I’ve been working on a project using Blender over the last weeks and during the last few nights menu access has been increasingly frustrating me. Last year I had an idea for how to nicely integrate radial (pie) menus in Blender, and so during some time in the last couple of days I blew the cobwebs off my high school trigonometry and gave it a shot. It’s now mostly implemented and working well so far.

Check out the demo videos:

mp4 icon QuickTime H.264 (1.6 MB)

xvid icon XviD AVI (2.5 MB)

Radial menus

As Blender expands in its capabilities, less and less functionality is accessible directly with a single key press or button click. Keyboard space for new shortcut keys has run out, and most of the recent key additions are poorly structured, since it’s been a matter of finding a key that’s actually available, not one that’s ergonomic or meaningful.

There are ways to help this; customisable shortcut keys and customisable toolbars can help bring back direct access to tools, and an updated and re-thought keyboard layout can help prioritise what’s needed for working in the current age. Giving tools like texture space transformation (T) or split (Y) their own direct key presses worked fine in the 90s when there weren’t that many tools in competition, but these days we have much better tools (such as UV mapping) and more frequently used tools that should be brought to the fore. There is redundancy between popup menus (Ctrl E and K mesh editing menus) and they’re not optimised for ergonomics the same way that Blender’s other earlier hotkeys such as G, R and S are.

Ultimately, although a direct hotkey approach is great when possible and has worked well in the past, it has trouble scaling with an increase in complexity, which is happening in Blender more and more these days. Popup menus are evolving to be a new primary method of accessing tools – just about all of the excellent new mesh modelling tools in Blender 2.42 are found in the ‘Specials’ and ‘Edge Specials’ popup menus. It pays then, to take a look at making these menus as efficient as possible too.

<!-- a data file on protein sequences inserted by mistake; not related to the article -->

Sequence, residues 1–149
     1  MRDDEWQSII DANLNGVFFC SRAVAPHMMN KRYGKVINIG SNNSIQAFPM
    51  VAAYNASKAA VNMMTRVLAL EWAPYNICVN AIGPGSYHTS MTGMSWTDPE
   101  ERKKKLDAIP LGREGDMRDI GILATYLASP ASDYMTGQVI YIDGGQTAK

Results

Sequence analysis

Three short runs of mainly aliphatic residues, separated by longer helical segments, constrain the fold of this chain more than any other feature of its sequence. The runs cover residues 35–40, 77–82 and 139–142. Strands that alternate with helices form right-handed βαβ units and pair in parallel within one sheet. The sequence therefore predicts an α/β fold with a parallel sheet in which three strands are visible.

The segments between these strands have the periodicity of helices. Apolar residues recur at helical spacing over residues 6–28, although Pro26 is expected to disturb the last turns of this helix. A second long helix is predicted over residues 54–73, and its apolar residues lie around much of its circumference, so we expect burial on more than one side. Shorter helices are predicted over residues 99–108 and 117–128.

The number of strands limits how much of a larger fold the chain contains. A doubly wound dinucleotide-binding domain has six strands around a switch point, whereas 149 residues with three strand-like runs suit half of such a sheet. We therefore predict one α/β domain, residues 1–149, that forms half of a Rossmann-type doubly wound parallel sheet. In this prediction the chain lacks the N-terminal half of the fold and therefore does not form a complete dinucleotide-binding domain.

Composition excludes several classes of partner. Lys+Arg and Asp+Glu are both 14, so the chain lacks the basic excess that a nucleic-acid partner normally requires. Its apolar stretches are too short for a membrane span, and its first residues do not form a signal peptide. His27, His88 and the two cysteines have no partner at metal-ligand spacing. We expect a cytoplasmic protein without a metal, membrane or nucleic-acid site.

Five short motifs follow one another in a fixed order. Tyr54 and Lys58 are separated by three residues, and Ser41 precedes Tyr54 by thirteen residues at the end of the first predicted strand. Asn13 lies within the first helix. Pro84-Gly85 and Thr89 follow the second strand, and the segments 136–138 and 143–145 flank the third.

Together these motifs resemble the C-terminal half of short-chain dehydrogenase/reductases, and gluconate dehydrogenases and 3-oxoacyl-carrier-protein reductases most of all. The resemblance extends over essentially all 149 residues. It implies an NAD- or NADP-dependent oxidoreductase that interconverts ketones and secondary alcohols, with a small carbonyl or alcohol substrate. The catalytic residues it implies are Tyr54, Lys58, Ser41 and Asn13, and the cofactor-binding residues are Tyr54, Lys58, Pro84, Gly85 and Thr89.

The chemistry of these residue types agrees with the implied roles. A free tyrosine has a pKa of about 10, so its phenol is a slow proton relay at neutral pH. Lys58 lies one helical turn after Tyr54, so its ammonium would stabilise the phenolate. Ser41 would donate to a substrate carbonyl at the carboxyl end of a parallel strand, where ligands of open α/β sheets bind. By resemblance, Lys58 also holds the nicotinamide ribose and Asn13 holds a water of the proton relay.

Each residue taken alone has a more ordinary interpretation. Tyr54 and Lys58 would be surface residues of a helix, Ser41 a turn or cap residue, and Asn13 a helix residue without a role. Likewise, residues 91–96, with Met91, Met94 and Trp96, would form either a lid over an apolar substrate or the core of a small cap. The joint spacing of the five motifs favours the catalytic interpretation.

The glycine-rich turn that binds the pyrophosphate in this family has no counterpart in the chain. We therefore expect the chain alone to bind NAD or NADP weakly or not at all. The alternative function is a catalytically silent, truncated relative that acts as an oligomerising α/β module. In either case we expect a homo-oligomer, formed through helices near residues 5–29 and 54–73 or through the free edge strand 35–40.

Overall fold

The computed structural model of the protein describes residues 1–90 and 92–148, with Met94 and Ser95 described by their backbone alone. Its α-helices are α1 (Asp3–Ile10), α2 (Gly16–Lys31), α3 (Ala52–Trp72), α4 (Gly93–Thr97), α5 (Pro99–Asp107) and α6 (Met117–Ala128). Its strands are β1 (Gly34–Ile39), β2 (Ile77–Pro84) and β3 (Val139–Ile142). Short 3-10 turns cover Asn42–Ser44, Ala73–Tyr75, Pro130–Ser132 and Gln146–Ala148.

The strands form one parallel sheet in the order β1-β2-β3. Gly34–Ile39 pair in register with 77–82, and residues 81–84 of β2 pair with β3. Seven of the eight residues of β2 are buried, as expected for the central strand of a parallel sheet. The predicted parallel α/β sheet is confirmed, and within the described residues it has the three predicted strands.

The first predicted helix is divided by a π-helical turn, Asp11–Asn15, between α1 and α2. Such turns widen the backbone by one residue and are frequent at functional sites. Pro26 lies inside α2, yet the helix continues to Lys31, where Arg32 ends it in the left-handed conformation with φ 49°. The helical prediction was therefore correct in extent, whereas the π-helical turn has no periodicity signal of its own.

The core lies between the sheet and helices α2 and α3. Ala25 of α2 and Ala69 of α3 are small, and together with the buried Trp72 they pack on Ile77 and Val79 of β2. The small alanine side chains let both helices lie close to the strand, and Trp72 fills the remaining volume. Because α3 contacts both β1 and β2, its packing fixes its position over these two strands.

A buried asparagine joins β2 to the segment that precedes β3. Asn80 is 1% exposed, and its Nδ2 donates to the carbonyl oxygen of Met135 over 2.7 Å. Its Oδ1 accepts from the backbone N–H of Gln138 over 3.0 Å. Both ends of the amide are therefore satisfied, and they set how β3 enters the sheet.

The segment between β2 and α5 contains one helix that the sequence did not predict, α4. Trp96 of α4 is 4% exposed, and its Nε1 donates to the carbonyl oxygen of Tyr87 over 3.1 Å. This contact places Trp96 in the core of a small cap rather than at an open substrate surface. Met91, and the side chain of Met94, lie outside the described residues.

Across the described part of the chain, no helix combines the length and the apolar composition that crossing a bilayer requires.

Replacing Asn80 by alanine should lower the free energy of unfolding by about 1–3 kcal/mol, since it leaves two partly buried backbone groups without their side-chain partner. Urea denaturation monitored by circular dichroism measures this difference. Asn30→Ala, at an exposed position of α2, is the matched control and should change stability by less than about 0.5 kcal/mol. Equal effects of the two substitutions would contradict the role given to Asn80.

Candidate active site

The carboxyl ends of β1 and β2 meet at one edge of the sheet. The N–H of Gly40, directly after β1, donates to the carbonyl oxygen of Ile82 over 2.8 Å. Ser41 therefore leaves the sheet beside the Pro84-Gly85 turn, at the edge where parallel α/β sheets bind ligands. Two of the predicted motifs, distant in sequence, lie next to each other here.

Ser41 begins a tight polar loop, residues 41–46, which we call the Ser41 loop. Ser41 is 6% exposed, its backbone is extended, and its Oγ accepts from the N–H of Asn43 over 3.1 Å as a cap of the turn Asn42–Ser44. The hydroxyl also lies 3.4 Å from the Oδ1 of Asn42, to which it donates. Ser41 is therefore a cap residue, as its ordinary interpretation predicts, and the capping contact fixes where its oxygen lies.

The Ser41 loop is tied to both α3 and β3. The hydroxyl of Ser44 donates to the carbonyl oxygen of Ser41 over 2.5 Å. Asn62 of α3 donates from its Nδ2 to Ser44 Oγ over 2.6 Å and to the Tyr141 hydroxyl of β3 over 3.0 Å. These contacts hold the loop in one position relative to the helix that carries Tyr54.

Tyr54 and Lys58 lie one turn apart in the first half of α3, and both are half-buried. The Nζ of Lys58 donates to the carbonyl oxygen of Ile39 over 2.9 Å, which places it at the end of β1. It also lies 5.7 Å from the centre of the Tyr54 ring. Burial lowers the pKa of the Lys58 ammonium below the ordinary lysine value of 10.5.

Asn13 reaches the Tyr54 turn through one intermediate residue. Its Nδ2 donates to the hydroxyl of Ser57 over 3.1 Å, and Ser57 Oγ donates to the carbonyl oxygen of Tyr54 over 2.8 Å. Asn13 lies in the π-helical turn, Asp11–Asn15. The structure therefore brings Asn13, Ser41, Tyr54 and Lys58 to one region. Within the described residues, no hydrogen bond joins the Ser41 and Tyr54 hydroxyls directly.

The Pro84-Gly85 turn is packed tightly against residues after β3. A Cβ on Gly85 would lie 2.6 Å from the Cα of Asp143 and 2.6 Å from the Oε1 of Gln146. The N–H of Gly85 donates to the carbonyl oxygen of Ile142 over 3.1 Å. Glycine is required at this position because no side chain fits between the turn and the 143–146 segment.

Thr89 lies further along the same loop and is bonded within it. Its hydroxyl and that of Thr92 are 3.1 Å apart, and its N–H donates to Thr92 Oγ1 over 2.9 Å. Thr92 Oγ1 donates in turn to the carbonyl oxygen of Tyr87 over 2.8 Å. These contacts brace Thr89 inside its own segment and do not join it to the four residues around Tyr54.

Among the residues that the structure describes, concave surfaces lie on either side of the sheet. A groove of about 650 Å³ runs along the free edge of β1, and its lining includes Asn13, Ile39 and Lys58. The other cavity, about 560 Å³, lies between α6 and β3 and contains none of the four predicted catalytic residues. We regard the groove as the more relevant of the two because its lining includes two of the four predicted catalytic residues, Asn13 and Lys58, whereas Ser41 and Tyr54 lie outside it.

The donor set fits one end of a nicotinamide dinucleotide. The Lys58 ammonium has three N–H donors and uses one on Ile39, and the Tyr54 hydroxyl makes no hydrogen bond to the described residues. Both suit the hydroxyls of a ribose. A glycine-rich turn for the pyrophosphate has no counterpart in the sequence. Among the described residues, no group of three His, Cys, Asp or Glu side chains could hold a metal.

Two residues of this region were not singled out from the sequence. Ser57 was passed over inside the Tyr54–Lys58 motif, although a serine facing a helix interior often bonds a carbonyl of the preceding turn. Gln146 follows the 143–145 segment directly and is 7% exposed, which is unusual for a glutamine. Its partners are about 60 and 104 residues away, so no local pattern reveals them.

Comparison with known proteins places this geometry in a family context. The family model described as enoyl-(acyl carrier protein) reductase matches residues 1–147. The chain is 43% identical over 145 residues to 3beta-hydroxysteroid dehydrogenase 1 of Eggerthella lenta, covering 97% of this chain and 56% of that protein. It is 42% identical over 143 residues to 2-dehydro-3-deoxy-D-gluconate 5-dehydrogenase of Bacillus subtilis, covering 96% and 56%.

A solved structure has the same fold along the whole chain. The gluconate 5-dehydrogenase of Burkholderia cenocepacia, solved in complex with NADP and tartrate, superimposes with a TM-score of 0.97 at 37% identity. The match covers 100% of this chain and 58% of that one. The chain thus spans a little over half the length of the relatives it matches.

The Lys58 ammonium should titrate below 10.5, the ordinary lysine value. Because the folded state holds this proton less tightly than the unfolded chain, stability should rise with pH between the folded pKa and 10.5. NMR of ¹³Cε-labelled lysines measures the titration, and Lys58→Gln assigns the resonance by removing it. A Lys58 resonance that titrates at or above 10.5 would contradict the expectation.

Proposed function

Radial menus are a different method of presenting menu options to just a straight list. They’re more efficient to work with for a few reasons:

  • The human ability for memorising an angle direction is much stronger than for remembering a linear distance
  • Rather than needing an exact click on a button, one can select items in radial menus based on the angle of the mouse pointer from the start position. This makes the size of the selectable area segment much larger than that of a linear menu item, making it much faster to hit (see Fitt’s law)
  • Radial menu items are an equal distance from the mouse pointer, so it doesn’t get successively harder to hit later items, as in a linear menu

Since radial menus rely so heavily on muscle memory, it’s not a good idea to change the position of menu items as new options are added. This can be a problem with auto-flowing radial menus that just divide the available 360A* by the number of available items. In an application like Blender, where new tools are often being developed and added, this would change the menu’s layout each time.

I have designed a layout and order of appearance to use for the first 8 radial menu items. It goes in a seemingly weird pattern, but it’s actually quite logical. It’s designed to be ‘upwards compatible’ for muscle memory so that the menu item locations are fixed and don’t move as new items are added to the menu later on. It also optimises efficiency – a radial menu is best kept symmetrical, with as large an angle between items as possible, so that the hittable areas are as large as possible, and gestural mouse movements can be fast and inexact.

It starts off with two opposite sides for the first two items then joined by the one below for the third (this way, even with three items, the menu seems to still be ‘in order’ reading left to right).

2 items3 items

Then the fourth is added to complete the compass directions. From here, it’s just a matter of subdividing the rest of the angles for the last 4 items.

4 items8 items

Although the radial menus are best with a maximum of eight items, they should be able to gracefully cope with more, if needed. I haven’t yet figured out the best way to do this, but I’ll probably try an approach of subdividing the 5/6/7/8 positions, or experiment with making a second ‘ring’ on the outside.


Blender 2.40

December 25th, 2005 . 2 comments

Just in time for Christmas, Blender 2.40 has been let loose on the internet, leaving a wake of destruction and bringing web servers to their bleeding knees. It’s a ripsnorter of a release, with goodies from Google’s Summer of Code sponsorship like fluid dynamics and re-written inverse kinematics and booleans, along with the usual swag of features and improvements, including all the outstanding work Ton has been doing on the animation system re-write and his work for us at Orange.